For those of you who wish to learn Orkish, a less-pretty language spoken by Orcs, Trolls, and some Men in Middle-Earth in the Third Age. Orkish dialects were usually vulgar forms of the Black Speech of Mordor, the language written on the Ring. These words are scrounged from what little Tolkien wrote of the Orkish language as well as some reconstructions by Tolkien linguist David Salo.
So these ideas (you know, from Part 1 wherein I sang Amazing Grace with a naked stranger) began pinging around inside my head the other morning as I tooled around in my car between the bank and Target. In an effort to refocus my thoughts from Twitter, kid worries, my thesis and job woes onto Something BiggerContinue reading “Praise Craze Part 2: Us and Them, “Love Take Me-Love Take Me Over,” Especially When Faced With A Smoking Handicap Parking Tag Fraud”
Certain church types are really into praise music. They engage in a practice that must strike non-churchies as silly, ridiculous, and maybe even a little embarrassing. They—okay, we—have this bizarre habit of singing at full voice, under the steeple with of all the peeple and also within the privacy of our own earbuds, songs to proclaim doctrinal tenetsContinue reading “Praise Craze Part 1: Singing Amazing Grace Naked In the Shower With a Naked Stranger”
Originally posted on Beth Bates:
Approaching the six year anniversary of the 95 percent blockage in my 38 year-old lower anterior descending artery, I’m still counting my blessings. Happy to be alive, that’s what I am. I snuggle longer, stress less, laugh more, eat dessert first, kiss my sleeping kids — all that jazz. But:…
Writer’s block is bullocks. That’s what I always thought. Plumbers don’t get plumber’s block, that’s what this guy taught me—along with the discipline of writing daily. And also, carpenters don’t wait for a muse, they just pick up the hammer, the nail, and pound. Writer’s block, I have always been convinced even before this guyContinue reading “Writer’s Block Ain’t No Thang”
Originally posted on Hello:
*This post was written while on assignment with World Next Door: a digital social justice travel magazine. Check out our website (www.worldnextdoor.org) for more information and download our most recent issue! This blog became an excerpt of this feature story our Las Vegas magazine issue about The Cupcake Girls, published in…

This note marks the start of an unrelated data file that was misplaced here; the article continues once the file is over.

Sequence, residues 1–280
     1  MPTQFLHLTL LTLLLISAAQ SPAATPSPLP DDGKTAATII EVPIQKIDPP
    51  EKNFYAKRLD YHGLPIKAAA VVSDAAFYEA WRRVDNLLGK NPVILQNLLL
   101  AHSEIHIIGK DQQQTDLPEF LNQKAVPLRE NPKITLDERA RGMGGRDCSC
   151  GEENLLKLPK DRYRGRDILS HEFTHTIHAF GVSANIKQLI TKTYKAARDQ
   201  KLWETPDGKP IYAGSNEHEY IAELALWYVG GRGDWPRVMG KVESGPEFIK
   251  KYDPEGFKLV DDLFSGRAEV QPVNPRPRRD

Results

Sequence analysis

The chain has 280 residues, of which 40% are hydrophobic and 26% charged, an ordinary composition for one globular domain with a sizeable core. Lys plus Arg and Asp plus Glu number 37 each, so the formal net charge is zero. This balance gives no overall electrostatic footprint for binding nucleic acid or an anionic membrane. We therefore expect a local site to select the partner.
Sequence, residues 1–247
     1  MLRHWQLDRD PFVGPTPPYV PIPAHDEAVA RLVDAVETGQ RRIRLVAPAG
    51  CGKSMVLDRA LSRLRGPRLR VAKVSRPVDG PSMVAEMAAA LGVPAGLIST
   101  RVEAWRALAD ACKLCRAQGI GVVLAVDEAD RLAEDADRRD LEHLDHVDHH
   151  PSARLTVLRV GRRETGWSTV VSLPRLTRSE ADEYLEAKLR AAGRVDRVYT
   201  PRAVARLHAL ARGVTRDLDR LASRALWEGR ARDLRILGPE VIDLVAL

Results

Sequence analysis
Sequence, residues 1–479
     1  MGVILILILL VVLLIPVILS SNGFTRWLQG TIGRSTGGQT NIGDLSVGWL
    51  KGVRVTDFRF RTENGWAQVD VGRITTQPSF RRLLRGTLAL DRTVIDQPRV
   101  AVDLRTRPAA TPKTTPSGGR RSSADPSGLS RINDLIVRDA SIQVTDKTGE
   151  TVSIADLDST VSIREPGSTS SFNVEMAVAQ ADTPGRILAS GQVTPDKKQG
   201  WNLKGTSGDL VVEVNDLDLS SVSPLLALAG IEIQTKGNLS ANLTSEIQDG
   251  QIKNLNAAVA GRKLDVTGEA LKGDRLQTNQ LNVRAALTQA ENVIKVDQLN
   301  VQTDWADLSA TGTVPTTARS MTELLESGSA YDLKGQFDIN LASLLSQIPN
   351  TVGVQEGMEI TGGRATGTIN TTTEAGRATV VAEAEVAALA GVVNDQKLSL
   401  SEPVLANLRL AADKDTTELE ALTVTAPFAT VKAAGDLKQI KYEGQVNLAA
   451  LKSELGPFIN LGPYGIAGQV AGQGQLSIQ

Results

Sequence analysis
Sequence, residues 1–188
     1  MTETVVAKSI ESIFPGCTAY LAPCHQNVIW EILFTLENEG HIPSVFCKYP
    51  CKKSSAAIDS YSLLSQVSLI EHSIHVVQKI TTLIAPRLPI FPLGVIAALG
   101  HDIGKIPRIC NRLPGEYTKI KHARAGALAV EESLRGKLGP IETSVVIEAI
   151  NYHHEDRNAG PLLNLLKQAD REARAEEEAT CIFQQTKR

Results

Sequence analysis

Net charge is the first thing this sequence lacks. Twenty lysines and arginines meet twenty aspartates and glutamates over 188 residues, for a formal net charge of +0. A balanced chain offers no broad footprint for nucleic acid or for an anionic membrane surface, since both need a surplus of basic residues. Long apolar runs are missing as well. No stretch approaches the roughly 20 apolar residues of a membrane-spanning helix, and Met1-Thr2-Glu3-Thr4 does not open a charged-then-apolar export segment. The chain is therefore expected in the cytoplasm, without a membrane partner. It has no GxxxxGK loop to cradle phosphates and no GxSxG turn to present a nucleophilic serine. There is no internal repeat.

Brooke and Jeff are taking a year away from their real jobs as social worker and physical therapist to travel the world writing and photographing for a social justice travel magazine—first to Rwanda, then Cambodia, Nepal, Vegas and Cuba. Kind of kicks the shit out of the cans of creamed corn and kidney beans I plunked into a grocery bag and placed on my front porch for a local church to pick up for their food drive a few Sundays ago.
“Romeo Had Juliette”
Caught between the twisted stars
The plotted lines the faulty map
That brought Columbus to New York
Short answer: I have teenagers. “Like they don’t hear it at school,” you say. “Or say it themselves.” Yeah, I realize teenagers are fluent in profanity—I was in junior high and high school once. But that doesn’t mean I’m off the hook from preserving for my daughter, 13, and son, 16, one pocket in theirContinue reading “Why I’m Not Comfortable Using the Word Motherf*^#er (but please feel free, unless you’re my kid)”
Dear Butler University MFA program, Booth, Hilene Flanzbaum, Rob Stapleton, and Andy Levy, Thank you. Thank you for sending me to AWP 2013. As an expression of my deep gratitude, I offer this wee token of my affection and appreciation for you and your commitment to your staff and students. So. Let’s recap. AWP isContinue reading “AWP 2013 RECAP: WRITE LIKE A MOFO”
With Prof. Kind and Brilliant, the Golden Rule rules, and the results are magical. So listen: be as patient, gentle, and honest with the other workshopees and their work as you expect them to be with you and your work.
I had a writing professor who recommended copying, literally, tangibly, work by authors whose style most lights your writing fuse. Pick an author, prop open a book, lay it next to the laptop, and type the words, sentences, paragraphs, and chapters until, I suppose, some sort of osmosis (and muscle memory?) occurs.